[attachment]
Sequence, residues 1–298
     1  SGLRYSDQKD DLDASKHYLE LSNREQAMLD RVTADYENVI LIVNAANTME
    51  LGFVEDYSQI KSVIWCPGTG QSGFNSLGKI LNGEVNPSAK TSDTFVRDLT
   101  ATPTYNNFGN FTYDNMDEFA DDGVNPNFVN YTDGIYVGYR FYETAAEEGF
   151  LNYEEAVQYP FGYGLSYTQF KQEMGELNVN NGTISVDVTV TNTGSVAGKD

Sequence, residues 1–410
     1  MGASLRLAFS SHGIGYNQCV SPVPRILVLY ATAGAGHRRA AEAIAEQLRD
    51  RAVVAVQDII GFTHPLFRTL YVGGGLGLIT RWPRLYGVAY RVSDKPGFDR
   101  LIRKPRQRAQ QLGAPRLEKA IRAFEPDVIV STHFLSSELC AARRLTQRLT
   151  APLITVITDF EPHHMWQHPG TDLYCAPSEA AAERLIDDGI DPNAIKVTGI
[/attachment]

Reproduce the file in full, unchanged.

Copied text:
Sequence, residues 1–298
     1  SGLRYSDQKD DLDASKHYLE LSNREQAMLD RVTADYENVI LIVNAANTME
    51  LGFVEDYSQI KSVIWCPGTG QSGFNSLGKI LNGEVNPSAK TSDTFVRDLT
   101  ATPTYNNFGN FTYDNMDEFA DDGVNPNFVN YTDGIYVGYR FYETAAEEGF
   151  LNYEEAVQYP FGYGLSYTQF KQEMGELNVN NGTISVDVTV TNTGSVAGKD

Sequence, residues 1–410
     1  MGASLRLAFS SHGIGYNQCV SPVPRILVLY ATAGAGHRRA AEAIAEQLRD
    51  RAVVAVQDII GFTHPLFRTL YVGGGLGLIT RWPRLYGVAY RVSDKPGFDR
   101  LIRKPRQRAQ QLGAPRLEKA IRAFEPDVIV STHFLSSELC AARRLTQRLT
   151  APLITVITDF EPHHMWQHPG TDLYCAPSEA AAERLIDDGI DPNAIKVTGI